June 23, 2021

Verstappen: Nothing more I can do to ensure I obey track limits | 2021 Spanish Grand Prix

Read Time:3 Minute, 10 Second

Max Verstappen says there isn’t much more he can do to ensure he obeys track limits, after an error on the final lap of the Portuguese Grand Prix cost him a championship point.

Following the last race the Red Bull driver said it was “odd” he lost the bonus point for fastest lap because his time had been deleted for running wide at turn 14. Drivers were advised on the Saturday before the race of the change in how track limits were being enforced. This was the second alteration to the guidance during the weekend.

Verstappen has appeared unaware of a mid-weekend change in the enforcement of track limits on two occasions this year. During the Bahrain Grand Prix he expressed surprise on his team radio over the easing of restrictions at turn four, which Lewis Hamilton consistently exploited. He later overtook Hamilton by running off-track at the corner, and had to cede the position, costing him victory.

But Verstappen doubts there is much more he can do to improve his adherence to track limits. “I don’t think there is anything to be done to be on top of it,” he said. “In Bahrain there was some misunderstandings between teams on what was allowed and what wasn’t.

“You can also see it differently. I’m just trying to get everything out of the car when we are not on the same level of Mercedes.

Feature: Has Verstappen done his homework? Six Spanish GP talking points

“But I [could] also easily just be not in that topic of using track limits or whatever. But then I [would be] quite comfortably behind a Mercedes which I don’t like. I always try to get the best possible result out of it.”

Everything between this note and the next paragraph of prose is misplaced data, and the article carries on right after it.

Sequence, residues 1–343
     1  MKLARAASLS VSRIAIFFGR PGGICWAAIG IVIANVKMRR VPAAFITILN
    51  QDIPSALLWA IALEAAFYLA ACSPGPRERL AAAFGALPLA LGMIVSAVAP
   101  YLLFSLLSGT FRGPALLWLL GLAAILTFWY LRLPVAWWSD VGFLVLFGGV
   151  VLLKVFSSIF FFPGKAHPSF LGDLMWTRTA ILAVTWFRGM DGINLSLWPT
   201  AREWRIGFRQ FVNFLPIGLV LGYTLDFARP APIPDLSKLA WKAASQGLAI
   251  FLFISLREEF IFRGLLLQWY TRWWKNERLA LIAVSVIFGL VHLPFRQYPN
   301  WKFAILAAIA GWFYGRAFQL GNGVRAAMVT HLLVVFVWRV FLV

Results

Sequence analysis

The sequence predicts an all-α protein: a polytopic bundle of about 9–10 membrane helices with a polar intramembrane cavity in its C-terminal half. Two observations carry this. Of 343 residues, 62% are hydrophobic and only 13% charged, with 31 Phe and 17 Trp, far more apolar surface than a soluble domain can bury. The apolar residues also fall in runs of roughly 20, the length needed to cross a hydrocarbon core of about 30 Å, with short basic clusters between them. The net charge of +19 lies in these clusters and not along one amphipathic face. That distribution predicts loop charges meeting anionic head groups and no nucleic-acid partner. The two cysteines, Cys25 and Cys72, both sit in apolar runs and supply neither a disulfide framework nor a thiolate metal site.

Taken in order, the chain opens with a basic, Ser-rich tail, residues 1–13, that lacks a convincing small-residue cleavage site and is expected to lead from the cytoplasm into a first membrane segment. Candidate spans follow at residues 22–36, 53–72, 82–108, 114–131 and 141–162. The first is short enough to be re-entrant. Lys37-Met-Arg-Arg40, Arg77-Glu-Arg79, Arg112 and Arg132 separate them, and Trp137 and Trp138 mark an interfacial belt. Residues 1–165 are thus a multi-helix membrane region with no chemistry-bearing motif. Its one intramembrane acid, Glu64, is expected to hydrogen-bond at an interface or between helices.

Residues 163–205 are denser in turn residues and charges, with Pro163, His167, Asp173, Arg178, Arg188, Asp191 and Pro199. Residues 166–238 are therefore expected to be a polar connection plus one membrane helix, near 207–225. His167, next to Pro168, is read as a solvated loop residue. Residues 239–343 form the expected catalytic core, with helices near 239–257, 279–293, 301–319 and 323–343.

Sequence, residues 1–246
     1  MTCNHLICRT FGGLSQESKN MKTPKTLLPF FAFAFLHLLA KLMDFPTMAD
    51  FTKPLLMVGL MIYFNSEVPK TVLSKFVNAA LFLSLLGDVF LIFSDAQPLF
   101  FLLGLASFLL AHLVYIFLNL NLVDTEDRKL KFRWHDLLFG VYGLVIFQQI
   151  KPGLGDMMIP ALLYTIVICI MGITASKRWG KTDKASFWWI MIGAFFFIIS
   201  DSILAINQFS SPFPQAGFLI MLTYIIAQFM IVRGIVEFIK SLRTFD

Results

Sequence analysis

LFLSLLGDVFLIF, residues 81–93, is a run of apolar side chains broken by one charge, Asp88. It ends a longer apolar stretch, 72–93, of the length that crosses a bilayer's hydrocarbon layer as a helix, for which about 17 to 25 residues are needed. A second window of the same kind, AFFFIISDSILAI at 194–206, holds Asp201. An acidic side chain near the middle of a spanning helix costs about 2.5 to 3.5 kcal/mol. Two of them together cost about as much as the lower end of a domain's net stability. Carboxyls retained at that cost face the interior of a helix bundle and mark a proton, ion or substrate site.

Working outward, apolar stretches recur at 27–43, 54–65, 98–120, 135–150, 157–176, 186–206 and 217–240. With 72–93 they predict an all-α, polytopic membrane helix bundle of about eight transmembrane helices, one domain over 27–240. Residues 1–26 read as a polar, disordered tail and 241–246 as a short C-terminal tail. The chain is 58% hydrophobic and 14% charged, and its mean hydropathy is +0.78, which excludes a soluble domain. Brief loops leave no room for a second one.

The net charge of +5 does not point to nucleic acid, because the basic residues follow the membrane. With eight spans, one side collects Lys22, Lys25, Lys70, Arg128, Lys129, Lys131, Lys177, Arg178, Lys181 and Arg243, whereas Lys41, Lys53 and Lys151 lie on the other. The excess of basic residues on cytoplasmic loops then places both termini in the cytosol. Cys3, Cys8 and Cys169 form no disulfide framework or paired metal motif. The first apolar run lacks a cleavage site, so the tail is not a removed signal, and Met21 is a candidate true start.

During the Portuguese Grand Prix weekend, Verstappen also infringed track limits in qualifying.

“I went twice basically outside of the track limits where it cost me basically a pole and a fastest lap. But it’s also because I don’t settle for second or third.”

Track limits have been a focus of discussion in all three race weekends so far this year. Verstappen acknowledged that enforcing the restrictions is harder at some circuits than others, particularly when F1 visits tracks which are also used for bike racing.

“Some tracks are just a bit more difficult to police, really, with track limits,” he said. “I think we do need to find a solution.

“Of course I do understand some tracks we race with Moto GP and of course they want a bit different kerbs to what we like.

“But I think we need to find a middle way which works for both because with our cornering speeds basically we can really abuse the whole track because of the grip we have with the cars which makes it really difficult sometimes to really judge proper track limits.”

Physical deterrents to stop drivers running wide such as gravel traps should be used wherever possible, Verstappen believes.

“From my side I think we should try and put a bit more gravel back in places,” he said. “Of course that’s sometimes not what tracks want because when you have track days, people go off, the gravel comes onto the track, they need to clean it, it all costs money to put it back in place.

“But I think it’s just sometimes I bit confusing also from the outside where some places you run onto a kerb, some places are policed with a white line. I think we can make it a lot better by making sure that there is a hard limit when you go off a kerb or whatever.”

Advert | Become a Supporter & go ad-free

2021 Spanish Grand Prix

Browse all 2021 Spanish Grand Prix articles

About Post Author

sportsgamingwire

As an Editor and an Sports Geek, it's my pleasure to share my knowledge about Sports and their various aspects that can impact our lives.
Happy
Happy
0 %
Sad
Sad
0 %
Excited
Excited
0 %
Sleepy
Sleepy
0 %
Angry
Angry
0 %
Surprise
Surprise
0 %

Average Rating

5 Star
0%
4 Star
0%
3 Star
0%
2 Star
0%
1 Star
0%

Leave a Reply

Your email address will not be published. Required fields are marked *

Previous post Gotz leads Lawson, Albon as DTM testing ends
Next post John McMahon, Homer Lane & Harry Hill: Pro Wrestling’s First Trust